The interplay between Kana, Pets, Mossan, and Hijiri is a central focal point of the episode, especially with the primary focus of the plot being their group efforts to build a bottle rocket. The characters are voiced in the dub by Megan Harvey, Marieve Herington, Marianne Miller, and Erica Lindbeck respectively, and their performances, along with the quality of the writing, is what makes them all so appealing. When the characters speak, they’re written with a believable degree of sarcastic interplay, constantly cracking playful jokes about each other in a way that’s fun without ever feeling overly mean-spirited. The closest reference point I can think of would be last year’s adaptation of Stephen King’s It, in the sense that there’s a believable sense of honesty to how the characters all talk with each other, which makes for a great group to follow around.
Bolstering the quality of the voice acting and dialogue is some consistently wonderful character animation throughout the episode. The main cast all have unique designs to them with many standout aspects, from their facial features and wardrobes to their statures and physiques. Kana’s eyes always exude a curious and outgoing nature, while Mossan has a more mischievous nature to her facial expressions. The expressiveness of the main cast is shown to great effect during the montage scenes of them building the rocket, as we get many scenes of them alternately making progress and goofing off. Some of these moments are innocent and playful, like Kana air-guitaring with a broom when no one’s looking, and other moments are quite mischievous, such as when Pets snaps some naughty upskirt shots of Hijiri when she isn’t looking.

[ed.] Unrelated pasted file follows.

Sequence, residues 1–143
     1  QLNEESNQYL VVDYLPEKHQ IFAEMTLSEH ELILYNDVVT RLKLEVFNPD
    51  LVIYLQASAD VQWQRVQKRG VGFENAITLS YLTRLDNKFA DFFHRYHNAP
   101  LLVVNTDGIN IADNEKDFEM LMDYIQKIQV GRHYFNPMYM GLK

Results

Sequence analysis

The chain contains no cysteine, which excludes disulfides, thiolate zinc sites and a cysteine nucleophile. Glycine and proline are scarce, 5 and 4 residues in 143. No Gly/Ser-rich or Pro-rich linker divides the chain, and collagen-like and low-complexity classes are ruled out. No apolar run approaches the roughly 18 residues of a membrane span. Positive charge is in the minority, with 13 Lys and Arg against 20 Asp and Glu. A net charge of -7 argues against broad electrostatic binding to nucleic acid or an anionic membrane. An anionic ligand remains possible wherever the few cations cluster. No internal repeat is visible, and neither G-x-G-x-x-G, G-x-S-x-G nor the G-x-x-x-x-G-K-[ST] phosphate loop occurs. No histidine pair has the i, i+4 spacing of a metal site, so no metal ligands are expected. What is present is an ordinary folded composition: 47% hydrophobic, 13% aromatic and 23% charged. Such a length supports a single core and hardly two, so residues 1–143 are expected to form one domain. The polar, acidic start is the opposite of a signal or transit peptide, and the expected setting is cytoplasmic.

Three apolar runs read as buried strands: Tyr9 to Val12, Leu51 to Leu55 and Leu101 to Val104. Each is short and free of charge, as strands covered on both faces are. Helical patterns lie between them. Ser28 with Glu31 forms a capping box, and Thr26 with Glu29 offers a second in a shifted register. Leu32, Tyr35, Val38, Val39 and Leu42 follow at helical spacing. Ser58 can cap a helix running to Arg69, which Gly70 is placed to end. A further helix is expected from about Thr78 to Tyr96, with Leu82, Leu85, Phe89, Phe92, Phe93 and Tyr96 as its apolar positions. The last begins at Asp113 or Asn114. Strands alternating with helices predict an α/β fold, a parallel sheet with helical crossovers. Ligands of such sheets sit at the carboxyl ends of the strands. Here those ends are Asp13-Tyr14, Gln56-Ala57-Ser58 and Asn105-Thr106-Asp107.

The music work throughout the episode is excellent, as is to be expected with this series. Compared to the immediately recognizable use of licensed Pillows tracks in the premiere of Progressive, Alternative opts to focus heavily on unique soundtrack pieces that flow really well with the tone of the episode. There’s this floaty post-rock ambiance to the music that mixes excellently with the uncertain nature of our lead characters, and it also plays well against the orange-tinted sunset hues of much of the lighting and background art. There’s of course room for some heavier pieces when the action heats up, and they work to pump up the energy of these scenes.
As far as the overall plot details, Haruko is once again trying to hunt down an N/O channel, which definitely is the one in Kana’s head now. The episode wastes no time introducing her into the story, as she quite literally just wanders into the restaurant nonchalantly in one of the funniest moments of the episode. Meanwhile, she’s being spied on by the man glimpsed in the restaurant earlier, named Tsukata, who is part of the Interstellar Immigration Bureau. The organization will appear to play a pretty big part in the story, as there’s glimpses of bans on human interstellar travel (with quite a bit of on-the-nose political language at play) amidst everything going on. And honestly, with Haruko constantly giving them a hard time, I can’t really blame them too much, but all of that will have to wait until further down the line. For now, this was a greatly enjoyable first episode that has me quite excited to check out more.
FLCL Alternative airs every Saturday at 11:30 PM only on Toonami on Adult Swim. Episodes can also be streamed on adultswim.com and purchased on iTunes.